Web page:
Leave something behind

Have you ever visited a place or spent time with a friend where you leave feeling invigorated and energized? Next time take a pause and reverse the flow. Ask yourself what you can offer instead of what you can take away. If it’s a place then be aware of how you keep it beautiful and pristine. If it’s a friend remember to ask how you can help or just keep quiet and listen.

Places and people that are permanently sucked on wither away, feel desolate and are tired. You can feel this with certain national parks. Well used parks are used over and over again and there’s zero stewardship going on. It’s super transactional. Take take take. Me me me.

Places and people have great energy because they are stewarded over time. It’s a give and take relationship. Places feel sacred for a reason. Giving is more energizing than taking.

Digital doors and the importance of being physically present

Physical pilgrimages are important. I used to think that viewing something digitally was enough and that being there physically didn’t matter, but I’ve learned through traveling that being there physically can accelerate a connection to people and places.

Smells, sounds, people and places all trigger feelings that should be acknowledged and processed. There are places where the energy is palpable like airport arrival halls, Yosemite National Park or returning to the town I was born. In other places the energy needs to be stewarded, nurtured or repaired..maybe it’s been drained or sucked on by too many people or it’s been a place of suffering or pain. It’s hard to feel it without physically being there.

It can’t be experienced remotely via digital doors like Facebook, FaceTime and Skype. Digital connections build relationships and we are more compassionate and connected because of them, but physically being in the place is a different level. It’s about resonating with the frequency of the place and in turn having it resonate with you.

Carve out the time and travel. It stimulates growth in you, and in the people and places you visit.

Movers and Stayers

There are certain towns and cities that are welcoming and growing. The place immediately hits the right notes and I feel a familiar frequency resonate through my bones.

These places have a common theme: the citizens have chosen to live there or move there. There’s an abundance mindset and an air of optimism. The assumption is that people are default good and there’s more than enough to go round. I can almost hear them saying ‘Come on in, the water is great!’ Uprooting their lives and moving to a new place takes guts…it’s scary. A trait among newcomers is that they overcame the fear of the unknown and took the plunge. Those are the kinds of gutsy, courageous and welcoming people I encounter.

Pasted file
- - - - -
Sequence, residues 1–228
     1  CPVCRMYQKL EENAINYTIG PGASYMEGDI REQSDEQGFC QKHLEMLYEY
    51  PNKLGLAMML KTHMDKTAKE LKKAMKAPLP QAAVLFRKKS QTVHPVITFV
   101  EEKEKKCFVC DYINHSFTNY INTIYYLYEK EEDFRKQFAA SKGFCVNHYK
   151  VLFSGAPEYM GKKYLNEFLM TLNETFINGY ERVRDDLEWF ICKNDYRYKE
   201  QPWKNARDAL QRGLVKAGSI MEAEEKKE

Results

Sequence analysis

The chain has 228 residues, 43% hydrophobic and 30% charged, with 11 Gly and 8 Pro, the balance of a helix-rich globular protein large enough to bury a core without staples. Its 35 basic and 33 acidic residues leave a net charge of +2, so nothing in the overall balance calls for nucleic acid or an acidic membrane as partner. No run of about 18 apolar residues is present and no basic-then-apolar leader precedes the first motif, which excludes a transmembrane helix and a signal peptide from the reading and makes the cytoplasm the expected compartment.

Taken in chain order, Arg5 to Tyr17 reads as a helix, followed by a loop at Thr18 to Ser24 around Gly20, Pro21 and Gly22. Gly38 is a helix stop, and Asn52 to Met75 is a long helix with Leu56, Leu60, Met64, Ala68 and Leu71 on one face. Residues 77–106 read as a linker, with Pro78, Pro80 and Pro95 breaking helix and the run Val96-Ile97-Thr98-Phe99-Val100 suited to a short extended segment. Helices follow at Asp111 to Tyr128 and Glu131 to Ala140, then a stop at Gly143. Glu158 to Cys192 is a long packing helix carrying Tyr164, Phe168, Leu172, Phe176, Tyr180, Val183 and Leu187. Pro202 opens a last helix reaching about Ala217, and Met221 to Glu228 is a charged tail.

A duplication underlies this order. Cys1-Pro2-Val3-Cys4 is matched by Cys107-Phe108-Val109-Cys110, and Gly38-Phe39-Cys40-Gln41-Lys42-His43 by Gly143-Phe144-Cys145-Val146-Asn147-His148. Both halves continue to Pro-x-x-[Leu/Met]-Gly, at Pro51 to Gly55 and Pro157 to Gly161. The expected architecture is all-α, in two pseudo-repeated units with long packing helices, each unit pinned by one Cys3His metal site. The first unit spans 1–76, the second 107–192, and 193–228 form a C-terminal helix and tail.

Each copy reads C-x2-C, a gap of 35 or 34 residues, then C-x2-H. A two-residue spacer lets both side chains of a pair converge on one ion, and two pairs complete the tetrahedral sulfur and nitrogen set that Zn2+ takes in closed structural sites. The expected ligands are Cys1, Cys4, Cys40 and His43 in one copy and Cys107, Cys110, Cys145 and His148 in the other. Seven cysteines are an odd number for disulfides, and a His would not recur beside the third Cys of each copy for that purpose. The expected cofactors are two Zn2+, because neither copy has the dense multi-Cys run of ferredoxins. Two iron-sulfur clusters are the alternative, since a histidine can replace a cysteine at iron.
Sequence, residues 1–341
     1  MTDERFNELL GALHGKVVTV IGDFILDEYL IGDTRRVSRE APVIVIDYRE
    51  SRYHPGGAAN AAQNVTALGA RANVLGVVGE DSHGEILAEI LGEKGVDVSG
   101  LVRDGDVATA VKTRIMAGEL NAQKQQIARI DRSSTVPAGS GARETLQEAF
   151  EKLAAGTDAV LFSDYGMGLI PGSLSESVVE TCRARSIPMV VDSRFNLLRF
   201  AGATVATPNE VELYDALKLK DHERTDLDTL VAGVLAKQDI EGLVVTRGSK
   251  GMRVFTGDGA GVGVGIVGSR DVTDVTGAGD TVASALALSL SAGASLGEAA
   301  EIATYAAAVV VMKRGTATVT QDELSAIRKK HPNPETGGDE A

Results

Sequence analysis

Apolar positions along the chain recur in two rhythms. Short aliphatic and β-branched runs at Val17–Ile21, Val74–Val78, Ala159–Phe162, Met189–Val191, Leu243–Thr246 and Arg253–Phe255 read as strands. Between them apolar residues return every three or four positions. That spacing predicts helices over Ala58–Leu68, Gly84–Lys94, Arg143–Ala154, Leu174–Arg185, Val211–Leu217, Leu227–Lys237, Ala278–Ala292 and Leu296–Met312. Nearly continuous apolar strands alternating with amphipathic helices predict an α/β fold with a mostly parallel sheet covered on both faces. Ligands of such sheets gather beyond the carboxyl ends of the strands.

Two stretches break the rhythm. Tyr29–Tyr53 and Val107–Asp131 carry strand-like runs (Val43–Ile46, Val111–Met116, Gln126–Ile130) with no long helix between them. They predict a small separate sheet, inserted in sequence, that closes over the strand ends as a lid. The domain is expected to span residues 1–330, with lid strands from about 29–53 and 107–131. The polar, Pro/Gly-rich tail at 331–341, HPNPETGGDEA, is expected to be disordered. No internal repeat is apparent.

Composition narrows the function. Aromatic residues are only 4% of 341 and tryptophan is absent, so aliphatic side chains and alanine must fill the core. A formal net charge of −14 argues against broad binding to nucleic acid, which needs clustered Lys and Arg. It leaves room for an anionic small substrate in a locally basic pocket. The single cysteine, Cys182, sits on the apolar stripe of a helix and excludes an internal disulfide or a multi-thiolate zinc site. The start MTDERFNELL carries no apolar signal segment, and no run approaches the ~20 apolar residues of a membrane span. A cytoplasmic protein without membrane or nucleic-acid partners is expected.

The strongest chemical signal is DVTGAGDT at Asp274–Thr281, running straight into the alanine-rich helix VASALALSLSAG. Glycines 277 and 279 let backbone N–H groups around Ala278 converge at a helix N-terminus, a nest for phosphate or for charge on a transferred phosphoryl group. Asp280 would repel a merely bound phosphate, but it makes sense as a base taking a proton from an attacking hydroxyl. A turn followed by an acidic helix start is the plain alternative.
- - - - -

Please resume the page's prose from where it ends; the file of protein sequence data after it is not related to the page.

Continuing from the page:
The opposite are places where people feel trapped or locked in. There’s a scarcity mindset. People are holding on tight to what they’ve got, its unwelcoming and unfriendly. Strangers aren’t welcome and the default assumption is that new people are here to take and not contribute. I suppose that dying or failing companies are the same way.

It’s a consistent pattern wherever I go. Are people living or working there because they choose to, or are they trapped or too fearful to leave?

Listen to your gut. The next time you get the scarcity mindset feeling, it’s worth exploring. It’s a big red flag about the core constituency of any place.

 Modern day Muses

The Getty Center is located in the Santa Monica mountains with breathtaking views over LA. My parents and I arrived one morning with zero expectations – and by the end of the day we were inspired and energized.

Just like churches have spires that reach up to the heavens and imply a closer connection to God, I felt like we were in a spire above LA. This museum on top of the mountain was our connection to creativity and ideas.

The Greek word “mouseion” means seat of the Muses. In Greek mythology, the Muses are a collection of sister deities who provide inspiration to patrons of the arts and sciences.

The art at the Getty was our muse…and it worked its magic.